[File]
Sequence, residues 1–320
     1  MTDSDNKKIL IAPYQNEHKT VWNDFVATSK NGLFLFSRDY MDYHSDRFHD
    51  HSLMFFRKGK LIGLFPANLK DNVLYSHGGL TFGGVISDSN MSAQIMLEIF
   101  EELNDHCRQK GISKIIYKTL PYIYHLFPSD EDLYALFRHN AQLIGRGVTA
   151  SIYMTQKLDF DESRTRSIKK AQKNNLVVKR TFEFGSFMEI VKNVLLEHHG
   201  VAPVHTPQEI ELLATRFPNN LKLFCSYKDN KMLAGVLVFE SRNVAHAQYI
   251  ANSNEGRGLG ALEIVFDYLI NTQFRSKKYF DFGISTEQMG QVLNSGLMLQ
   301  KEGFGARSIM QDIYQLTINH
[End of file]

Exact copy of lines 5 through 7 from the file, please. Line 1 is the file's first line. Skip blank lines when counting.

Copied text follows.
   151  SIYMTQKLDF DESRTRSIKK AQKNNLVVKR TFEFGSFMEI VKNVLLEHHG
   201  VAPVHTPQEI ELLATRFPNN LKLFCSYKDN KMLAGVLVFE SRNVAHAQYI
   251  ANSNEGRGLG ALEIVFDYLI NTQFRSKKYF DFGISTEQMG QVLNSGLMLQ